India has condemned the violence in Myanmar and condoled the loss of life, as it urged maximum restraint and called for the release of detained leaders.
Myanmar's military toppled the country's government on February 1 and seized power for one year, detaining top political figures, including de facto leader Aung San Suu Kyi and President U Win Myint. The coup sparked protests and other acts of civil disobedience, leading to the deaths of hundreds in military crackdown.
The UN Security Council held closed consultations on the situation in Myanmar on Wednesday.
India's Permanent Representative to the UN Ambassador T S Tirumurti tweeted that in his remarks in the closed meeting, he “made these points: Condemn violence, Condole loss of lives, Urge maximum restraint, Our steadfast commitment to democratic transition, Release of detained leaders and welcome @ASEAN efforts.”
He added that during the meeting he emphasised for the “Situation to be resolved peacefully, Need greater engagement, Meet the hopes and aspirations of the people and extend assistance to Rakhine state development programme.”
Last week, UN Secretary-General Antonio Guterres condemned in the “strongest terms” the killing of dozens of civilians, including children and young people, by security forces in Myanmar.
“The continuing military crackdown, which today resulted in the highest daily death toll since demonstrations against the coup began last month, is unacceptable and demands a firm, unified and resolute international response. It is critical to find an urgent solution to this crisis,” the UN chief had said on March 27, the bloodiest day since the demonstrations against the February 1 coup began, when security forces killed at least 107 people, including 7 children.
Guterres reiterated his urgent appeal to the military to refrain from violence and repression and said those responsible for the serious human rights violations committed in Myanmar must be held accountable.
The Secretary-General's Special Envoy on Myanmar, Christine Schraner Burgener also briefed the Council's closed consultations.
In her remarks, obtained by PTI, Burgener warned that a “bloodbath is imminent” in the country and added that more than 520 people have been killed since the early February coup attempt. “The urgency for a solution to this crisis could not be clearer,” she said.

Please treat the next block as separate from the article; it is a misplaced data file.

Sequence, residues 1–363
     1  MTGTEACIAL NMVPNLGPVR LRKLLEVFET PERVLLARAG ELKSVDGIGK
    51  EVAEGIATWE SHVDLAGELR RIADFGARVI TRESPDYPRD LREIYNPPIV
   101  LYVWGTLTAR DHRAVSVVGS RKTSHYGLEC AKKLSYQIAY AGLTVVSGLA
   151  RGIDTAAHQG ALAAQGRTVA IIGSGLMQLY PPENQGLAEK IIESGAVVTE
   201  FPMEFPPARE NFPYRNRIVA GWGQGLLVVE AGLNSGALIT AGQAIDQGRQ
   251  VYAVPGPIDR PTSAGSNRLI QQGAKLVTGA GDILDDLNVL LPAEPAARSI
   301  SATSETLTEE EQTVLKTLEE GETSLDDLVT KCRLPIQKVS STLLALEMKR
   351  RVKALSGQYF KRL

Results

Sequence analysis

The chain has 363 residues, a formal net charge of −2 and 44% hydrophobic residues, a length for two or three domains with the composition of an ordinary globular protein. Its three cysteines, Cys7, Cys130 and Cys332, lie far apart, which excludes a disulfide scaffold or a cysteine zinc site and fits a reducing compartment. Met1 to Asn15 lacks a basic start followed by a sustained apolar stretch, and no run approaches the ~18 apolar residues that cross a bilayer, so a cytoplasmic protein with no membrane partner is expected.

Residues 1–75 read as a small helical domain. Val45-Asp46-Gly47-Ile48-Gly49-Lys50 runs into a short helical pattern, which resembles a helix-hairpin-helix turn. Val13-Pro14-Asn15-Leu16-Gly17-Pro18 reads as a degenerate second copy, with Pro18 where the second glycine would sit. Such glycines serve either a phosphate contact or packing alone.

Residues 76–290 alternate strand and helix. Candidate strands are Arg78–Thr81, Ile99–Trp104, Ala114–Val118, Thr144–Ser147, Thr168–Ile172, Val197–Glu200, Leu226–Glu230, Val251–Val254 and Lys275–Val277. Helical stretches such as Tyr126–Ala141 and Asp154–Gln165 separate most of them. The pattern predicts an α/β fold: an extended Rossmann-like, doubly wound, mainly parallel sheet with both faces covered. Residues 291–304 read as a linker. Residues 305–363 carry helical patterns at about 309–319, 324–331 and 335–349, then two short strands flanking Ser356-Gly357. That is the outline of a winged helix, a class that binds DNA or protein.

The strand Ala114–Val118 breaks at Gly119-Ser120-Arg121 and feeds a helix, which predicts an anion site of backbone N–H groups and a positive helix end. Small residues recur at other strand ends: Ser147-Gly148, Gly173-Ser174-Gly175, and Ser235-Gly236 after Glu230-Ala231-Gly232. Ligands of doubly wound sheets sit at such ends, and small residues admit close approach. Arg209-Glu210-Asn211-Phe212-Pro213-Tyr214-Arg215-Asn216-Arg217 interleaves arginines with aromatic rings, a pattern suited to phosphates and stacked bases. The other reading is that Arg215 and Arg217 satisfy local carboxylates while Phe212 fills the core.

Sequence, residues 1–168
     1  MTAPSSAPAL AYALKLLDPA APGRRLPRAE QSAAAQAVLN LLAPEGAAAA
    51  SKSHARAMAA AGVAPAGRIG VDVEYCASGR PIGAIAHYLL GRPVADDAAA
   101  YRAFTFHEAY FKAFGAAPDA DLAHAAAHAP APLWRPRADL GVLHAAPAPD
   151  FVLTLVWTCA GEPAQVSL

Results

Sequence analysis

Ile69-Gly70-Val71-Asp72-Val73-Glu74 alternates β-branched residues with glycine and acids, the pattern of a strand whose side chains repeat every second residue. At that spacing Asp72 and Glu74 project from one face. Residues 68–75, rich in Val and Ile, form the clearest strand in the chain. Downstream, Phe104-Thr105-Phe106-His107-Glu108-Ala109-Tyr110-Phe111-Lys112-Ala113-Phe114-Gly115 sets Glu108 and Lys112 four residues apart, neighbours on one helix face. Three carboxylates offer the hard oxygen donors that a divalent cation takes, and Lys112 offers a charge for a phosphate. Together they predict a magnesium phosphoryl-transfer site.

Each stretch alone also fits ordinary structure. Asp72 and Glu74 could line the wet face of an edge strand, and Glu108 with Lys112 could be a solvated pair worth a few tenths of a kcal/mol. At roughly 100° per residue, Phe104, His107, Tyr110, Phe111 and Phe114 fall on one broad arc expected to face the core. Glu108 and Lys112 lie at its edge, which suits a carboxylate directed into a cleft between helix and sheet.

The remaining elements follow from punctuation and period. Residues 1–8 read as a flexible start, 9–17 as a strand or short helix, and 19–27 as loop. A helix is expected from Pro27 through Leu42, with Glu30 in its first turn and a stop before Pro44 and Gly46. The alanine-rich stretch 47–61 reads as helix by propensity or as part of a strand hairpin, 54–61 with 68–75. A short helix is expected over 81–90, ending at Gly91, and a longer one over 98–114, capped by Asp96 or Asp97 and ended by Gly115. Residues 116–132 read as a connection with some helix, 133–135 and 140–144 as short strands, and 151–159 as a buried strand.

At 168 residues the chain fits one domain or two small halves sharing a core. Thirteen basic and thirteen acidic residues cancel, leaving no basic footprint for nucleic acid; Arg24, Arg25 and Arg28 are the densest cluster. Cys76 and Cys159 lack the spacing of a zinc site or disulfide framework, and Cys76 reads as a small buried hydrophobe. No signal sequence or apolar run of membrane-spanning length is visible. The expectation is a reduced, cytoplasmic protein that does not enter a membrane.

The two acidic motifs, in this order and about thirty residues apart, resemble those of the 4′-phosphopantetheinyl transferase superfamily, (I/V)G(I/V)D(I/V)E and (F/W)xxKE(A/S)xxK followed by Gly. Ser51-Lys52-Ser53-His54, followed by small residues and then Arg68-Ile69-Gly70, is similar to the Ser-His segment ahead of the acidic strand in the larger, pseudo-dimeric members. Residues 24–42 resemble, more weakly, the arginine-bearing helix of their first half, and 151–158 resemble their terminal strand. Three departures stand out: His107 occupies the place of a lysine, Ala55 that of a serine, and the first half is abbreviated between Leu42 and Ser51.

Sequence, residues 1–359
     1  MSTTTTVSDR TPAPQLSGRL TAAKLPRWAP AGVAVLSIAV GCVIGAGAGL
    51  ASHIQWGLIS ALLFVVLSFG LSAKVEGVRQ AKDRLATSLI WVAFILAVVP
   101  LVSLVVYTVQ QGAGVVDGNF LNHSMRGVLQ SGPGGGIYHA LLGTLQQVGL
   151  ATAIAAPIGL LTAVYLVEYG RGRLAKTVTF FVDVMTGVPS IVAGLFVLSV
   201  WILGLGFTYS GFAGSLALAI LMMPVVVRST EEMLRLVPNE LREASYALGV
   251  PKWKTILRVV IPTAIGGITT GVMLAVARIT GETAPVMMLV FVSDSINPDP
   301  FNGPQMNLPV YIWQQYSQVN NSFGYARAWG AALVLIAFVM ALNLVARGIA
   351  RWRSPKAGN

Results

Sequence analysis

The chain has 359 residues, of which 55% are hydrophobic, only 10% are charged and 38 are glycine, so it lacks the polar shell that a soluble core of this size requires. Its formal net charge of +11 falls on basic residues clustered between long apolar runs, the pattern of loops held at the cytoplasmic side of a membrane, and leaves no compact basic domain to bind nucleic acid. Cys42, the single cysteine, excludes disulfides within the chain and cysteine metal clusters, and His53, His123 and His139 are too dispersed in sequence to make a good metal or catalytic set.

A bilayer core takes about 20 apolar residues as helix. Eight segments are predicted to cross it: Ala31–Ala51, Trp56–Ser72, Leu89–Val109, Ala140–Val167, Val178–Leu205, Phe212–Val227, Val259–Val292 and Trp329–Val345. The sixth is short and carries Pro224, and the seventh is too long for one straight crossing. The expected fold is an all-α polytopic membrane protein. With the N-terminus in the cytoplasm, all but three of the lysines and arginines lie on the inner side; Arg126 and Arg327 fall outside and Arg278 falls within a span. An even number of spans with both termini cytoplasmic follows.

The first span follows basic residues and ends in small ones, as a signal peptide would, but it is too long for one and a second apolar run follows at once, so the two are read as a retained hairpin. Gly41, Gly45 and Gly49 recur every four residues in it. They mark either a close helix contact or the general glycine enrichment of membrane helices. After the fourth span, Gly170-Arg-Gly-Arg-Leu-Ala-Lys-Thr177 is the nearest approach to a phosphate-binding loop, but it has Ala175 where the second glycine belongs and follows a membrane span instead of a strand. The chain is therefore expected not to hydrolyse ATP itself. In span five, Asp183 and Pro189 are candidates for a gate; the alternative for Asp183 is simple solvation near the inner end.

Burgener said that the most serious international crimes and violations of international law appear to be happening in plain sight. “I fear this trend will become bloodier as the Commander-in-Chief seems determined to solidify his unlawful grip on power by force.”
Burgener called on those who have access to the Tatmadaw, the Myanmar armed forces, to let them know how severely its actions have damaged the reputation of the country, has become a threat to the future of its citizens as well as the "security of neighbouring countries.”
Emphasising that the military leaders have clearly shown they are not capable of managing the country, Burgener asserted that civilian rule must be restored.
“It is our obligation to help restore a return to civilian rule under the elected government headed by President Win Myint and State Counsellor Aung San Suu Kyi, whom this Security Council rightfully continues to refer to as 'members of the Government'.”
Burgener said she intends to visit the region soon, hopefully next week, in continuation of her close consultations with members of the Association of Southeast Asian Nations (ASEAN) and other leaders.
Warning that crisis is rapidly unravelling the already fragile public health sector against the backdrop of a global pandemic, she appealed to the Security Council to consider all available tools to take collective action and do what is right, what the people of Myanmar deserve and prevent a multi-dimensional catastrophe in the heart of Asia. She sounded an alarm that hard-won gains of the democratic transition and peace process are slipping away.
"Mediation requires dialogue but Myanmar's military has shut its doors to most of the world. It appears the military would only engage when it feels they are able to contain the situation through repression and terror," she said.
Urging the Council for a firm, unified and resolute international response, she said the UN body "must consider potentially significant action that can reverse the course of events in Myanmar."
UN Special Adviser on the Prevention of Genocide Alice Wairimu Nderitu and UN High Commissioner for Human Rights Michelle Bachelet had said in a statement that the “shameful, cowardly, brutal” actions of the military and police – who have been filmed shooting at protesters as they flee, and who have not even spared young children – “must be halted immediately. The international community has a responsibility to protect the people of Myanmar from atrocity crimes."
Since the Myanmar military seized power on February 1, thousands of people have been arbitrarily arrested and many subjected to enforced disappearance, the UN said.